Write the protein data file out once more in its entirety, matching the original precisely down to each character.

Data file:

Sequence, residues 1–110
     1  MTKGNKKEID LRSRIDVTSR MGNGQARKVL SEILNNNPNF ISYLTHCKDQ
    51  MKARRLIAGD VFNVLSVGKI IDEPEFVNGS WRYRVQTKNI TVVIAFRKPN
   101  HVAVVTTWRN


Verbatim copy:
Sequence, residues 1–110
     1  MTKGNKKEID LRSRIDVTSR MGNGQARKVL SEILNNNPNF ISYLTHCKDQ
    51  MKARRLIAGD VFNVLSVGKI IDEPEFVNGS WRYRVQTKNI TVVIAFRKPN
   101  HVAVVTTWRN